These days it’s becoming more common for people to change their careers after spending some time in the workforce. When you have 5, 10, or more years in one field but are now embarking on a new field, how do you transition? How do you establish your credibility in your new field when you have not been in the new field for very long? This was the question that someone asked me recently.
Ideally, you have some talent and competence in your new area that you can use to sell yourself. Testimonials, favourable reviews, and awards can help you to demonstrate that you’re good at what you now do (or want to do). If you plan to work for yourself in your new field, you may need to offer your services at a discounted rate for a little while so that you can get some people to try your service and then vouch for you. Similarly, if you take a job in the new area, you may need to start at a more junior level to get your foot in the door.
As you transition from field A to field B, it’s probably worth highlighting some of the common elements and skills that link the two fields. Also, if the new field is based on interests that you’ve had for a while during the time that you worked in your original area, it’s a good idea to highlight those interests (i.e., as a link between old and new) during your transition since it may help you to establish a longer history in your new area.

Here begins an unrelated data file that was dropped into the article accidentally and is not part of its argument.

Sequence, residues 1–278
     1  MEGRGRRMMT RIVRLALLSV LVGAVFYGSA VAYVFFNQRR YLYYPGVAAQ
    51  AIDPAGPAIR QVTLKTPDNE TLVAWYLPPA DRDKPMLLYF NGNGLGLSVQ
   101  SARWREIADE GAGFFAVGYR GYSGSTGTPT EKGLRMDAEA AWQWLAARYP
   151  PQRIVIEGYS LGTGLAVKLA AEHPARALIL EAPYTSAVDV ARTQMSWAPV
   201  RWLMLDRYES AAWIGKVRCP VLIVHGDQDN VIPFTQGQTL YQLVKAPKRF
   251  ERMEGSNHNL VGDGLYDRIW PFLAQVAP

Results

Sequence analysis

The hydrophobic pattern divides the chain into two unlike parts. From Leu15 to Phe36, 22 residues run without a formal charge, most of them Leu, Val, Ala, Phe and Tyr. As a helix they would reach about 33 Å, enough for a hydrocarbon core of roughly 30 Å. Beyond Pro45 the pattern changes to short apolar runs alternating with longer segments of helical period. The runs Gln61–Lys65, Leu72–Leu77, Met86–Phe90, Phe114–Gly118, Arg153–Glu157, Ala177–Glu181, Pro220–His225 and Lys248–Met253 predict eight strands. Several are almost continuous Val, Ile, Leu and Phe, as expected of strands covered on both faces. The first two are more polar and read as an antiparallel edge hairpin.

Other useful tools when you’re in transition are your resume and your LinkedIn profile. Naturally, you’ll need your resume to apply for jobs but sometimes your LinkedIn profile will catch a recruiter’s eye and you’ll be contacted regarding employment opportunities that you may not hear about otherwise. If your new area of expertise is something that you’re trying to establish as a consultant or in your own business, LinkedIn can be especially important. Your new potential clients will probably do some research online or may look for you online and when they find you, it’s important that they find information about you that is credible and makes you look like a good candidate/service provider.
Need help dealing with a delicate or high-stakes career or HR issue? I invite you to contact me privately. I offer a free 15-minute initial consultation by phone. Or, if you prefer, you can contact me by email, or via direct message on Twitter, Facebook, or LinkedIn.
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